Public Affairs Editor
Restaurateur Jay Bourke has been declared bankrupt by the High Court following a request from tax commissioners over a tax liability of €558,000.
Mr Bourke (55) tried to secure a debt cancellation plan, known as a personal insolvency arrangement, to reduce the bulk of his €13.7million in debt, but this was withdrawn earlier this month after one of its creditors, Pepper Finance, which is owed 12.2 million euros, objected.
Pepper’s debt related to contingent liabilities arising from loans taken from the Bank of Scotland (Ireland) for the refurbishment of Bellinter House, the Co Meath hotel which he co-owned.
Mr Bourke had claimed that debt was a contingent liability and had been paid as part of a full and final settlement with the €3million sale of Bellinter House in 2016.
A well-known figure in Dublin nightlife, Mr Bourke operated popular bars and restaurants including The Globe and Rí Rá, Panti Bar, Eden Restaurant and Cafe Bar Deli.
It is understood that Mr. Bourke has consented to the bankruptcy petition of the tax authorities. He declined to comment when contacted by The Irish Times.
The High Court heard on Monday that his tax debt dated back to the Celtic Tiger years.
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He sold the Bodega pub in Cork, incurring capital gains tax of around €500,000. He tried to offset the gain by lowering the value of other assets he owned.
He suffered substantial losses resulting from the decline in value of Bellinter House which he attempted to offset against the capital gain on The Bodega, but this was dismissed by the courts after appealing tax liability.
The tax authorities then asked the High Court to declare him bankrupt for the outstanding tax debt.
This led the restaurateur to apply for a certificate of protection from the courts, adjourning the bankruptcy petition and allowing him to seek protection from his creditors so that he could devise a personal insolvency arrangement to resolve his financial difficulties while avoiding bankruptcy.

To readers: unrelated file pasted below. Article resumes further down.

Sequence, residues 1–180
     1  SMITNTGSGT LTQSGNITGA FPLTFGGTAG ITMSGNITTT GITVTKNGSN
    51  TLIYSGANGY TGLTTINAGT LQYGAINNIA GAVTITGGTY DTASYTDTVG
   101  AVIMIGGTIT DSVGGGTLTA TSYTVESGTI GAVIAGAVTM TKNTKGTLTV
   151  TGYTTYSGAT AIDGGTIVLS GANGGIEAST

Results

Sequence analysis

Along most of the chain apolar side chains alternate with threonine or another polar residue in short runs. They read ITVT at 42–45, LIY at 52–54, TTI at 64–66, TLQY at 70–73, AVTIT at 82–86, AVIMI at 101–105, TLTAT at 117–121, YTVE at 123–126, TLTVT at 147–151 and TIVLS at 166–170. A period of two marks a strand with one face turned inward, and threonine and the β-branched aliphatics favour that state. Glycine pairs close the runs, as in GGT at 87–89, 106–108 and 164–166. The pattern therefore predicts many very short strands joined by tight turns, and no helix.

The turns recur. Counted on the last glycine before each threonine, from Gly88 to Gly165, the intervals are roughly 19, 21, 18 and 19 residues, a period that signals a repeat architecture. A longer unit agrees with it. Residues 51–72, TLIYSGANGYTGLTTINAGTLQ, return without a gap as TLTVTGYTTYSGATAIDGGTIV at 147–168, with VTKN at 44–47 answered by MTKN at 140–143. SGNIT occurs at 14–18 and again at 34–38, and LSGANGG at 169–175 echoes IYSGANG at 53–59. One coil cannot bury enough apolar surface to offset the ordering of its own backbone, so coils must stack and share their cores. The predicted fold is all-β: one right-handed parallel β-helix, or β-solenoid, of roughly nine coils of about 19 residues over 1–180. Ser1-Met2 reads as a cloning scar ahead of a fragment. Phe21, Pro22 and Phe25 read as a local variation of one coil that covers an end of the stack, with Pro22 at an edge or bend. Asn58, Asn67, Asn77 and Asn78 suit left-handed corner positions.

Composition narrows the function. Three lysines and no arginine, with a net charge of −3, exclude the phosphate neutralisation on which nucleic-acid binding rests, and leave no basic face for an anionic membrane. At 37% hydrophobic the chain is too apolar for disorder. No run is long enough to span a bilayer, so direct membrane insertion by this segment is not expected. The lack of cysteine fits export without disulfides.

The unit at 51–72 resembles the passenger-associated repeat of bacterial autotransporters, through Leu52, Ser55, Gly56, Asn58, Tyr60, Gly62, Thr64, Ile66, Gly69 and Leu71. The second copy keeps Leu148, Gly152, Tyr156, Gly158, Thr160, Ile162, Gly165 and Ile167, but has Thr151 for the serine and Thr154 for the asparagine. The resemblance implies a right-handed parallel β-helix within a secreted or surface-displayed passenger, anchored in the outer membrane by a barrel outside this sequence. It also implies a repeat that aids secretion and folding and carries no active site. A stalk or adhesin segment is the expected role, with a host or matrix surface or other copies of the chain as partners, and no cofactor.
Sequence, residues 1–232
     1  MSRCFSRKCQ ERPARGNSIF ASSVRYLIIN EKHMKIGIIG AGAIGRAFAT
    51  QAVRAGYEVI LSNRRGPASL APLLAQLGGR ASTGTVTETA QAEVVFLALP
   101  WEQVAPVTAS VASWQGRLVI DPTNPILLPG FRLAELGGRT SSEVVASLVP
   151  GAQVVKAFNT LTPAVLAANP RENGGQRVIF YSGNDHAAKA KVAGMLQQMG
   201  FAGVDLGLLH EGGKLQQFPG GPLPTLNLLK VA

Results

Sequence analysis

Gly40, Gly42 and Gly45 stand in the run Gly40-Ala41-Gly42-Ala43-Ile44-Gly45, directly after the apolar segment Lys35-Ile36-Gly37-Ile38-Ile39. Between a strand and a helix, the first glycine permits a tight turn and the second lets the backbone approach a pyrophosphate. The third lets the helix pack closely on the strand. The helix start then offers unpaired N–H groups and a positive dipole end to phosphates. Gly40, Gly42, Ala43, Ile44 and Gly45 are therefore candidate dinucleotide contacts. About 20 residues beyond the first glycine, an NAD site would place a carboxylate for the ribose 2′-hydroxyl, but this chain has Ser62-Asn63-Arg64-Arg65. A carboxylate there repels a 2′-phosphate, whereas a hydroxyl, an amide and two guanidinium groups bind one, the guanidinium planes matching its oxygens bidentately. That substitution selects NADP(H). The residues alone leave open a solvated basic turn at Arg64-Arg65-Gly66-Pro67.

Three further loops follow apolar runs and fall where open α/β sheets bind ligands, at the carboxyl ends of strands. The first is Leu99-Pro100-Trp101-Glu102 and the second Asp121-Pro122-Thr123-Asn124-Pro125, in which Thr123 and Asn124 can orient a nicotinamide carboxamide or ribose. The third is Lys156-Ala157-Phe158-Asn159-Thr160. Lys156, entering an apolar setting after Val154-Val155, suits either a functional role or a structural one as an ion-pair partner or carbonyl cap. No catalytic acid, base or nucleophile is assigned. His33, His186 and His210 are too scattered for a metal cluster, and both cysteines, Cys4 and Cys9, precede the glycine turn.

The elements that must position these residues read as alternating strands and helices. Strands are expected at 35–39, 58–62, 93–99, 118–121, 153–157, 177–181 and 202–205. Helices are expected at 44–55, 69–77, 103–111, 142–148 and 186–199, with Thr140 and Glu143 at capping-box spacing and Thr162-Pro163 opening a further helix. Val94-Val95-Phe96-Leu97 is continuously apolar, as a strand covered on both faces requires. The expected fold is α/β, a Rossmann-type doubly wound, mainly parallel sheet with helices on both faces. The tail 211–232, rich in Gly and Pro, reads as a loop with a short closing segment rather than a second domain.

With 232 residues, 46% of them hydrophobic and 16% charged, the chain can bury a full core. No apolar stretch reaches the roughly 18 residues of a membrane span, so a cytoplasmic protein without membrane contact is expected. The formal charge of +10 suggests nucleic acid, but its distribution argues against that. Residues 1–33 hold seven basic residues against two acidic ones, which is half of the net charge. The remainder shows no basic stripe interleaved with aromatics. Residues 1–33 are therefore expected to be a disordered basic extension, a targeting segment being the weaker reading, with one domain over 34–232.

The bulk of Mr Bourke’s debts relate to loans from Bellinter House, smaller bank loans which he was unable to repay and personal guarantees which he was unable to honor due to the economic crash of 2008 -09.
Attempts to negotiate a deal with the taxman after the personal insolvency agreement was withdrawn failed, leading the taxman to file a new bankruptcy petition yesterday.
The revenues had supported the personal insolvency arrangement proposed by Mr Bourke.
“At the end of the day, the gap was too big,” said a source familiar with Mr Bourke’s debts.
Mr Bourke’s hopes of a €570,000 to €750,000 windfall payout from insurance broker XS Direct’s IPO to fund the personal insolvency arrangement were dashed when the brokerage was placed in receivership in February.
In its application for personal insolvency arrangement, Pepper Finance also objected to the €558,000 from the taxman being treated entirely as a privileged debt to be paid in full.
The lender’s lawyer had told the court that the preferential element of the debt had been overstated by around €200,000, giving Mr Bourke’s other creditors the impression that Revenue was legally entitled to be repaid in full.
Mr Bourke told The Irish Times last November, when he applied for the personal insolvency agreement, that his income had been “decimated” due to restrictions on bars and restaurants during the pandemic.
According to estimates in his own proposed personal insolvency agreement, Mr. Bourke’s creditors will receive just 0.01% of what is owed to them under the one-year bankruptcy, compared to 0.5% of what they would have received under the now discontinued personal insolvency agreement. .
Bankruptcy costs are estimated at just over €100,000.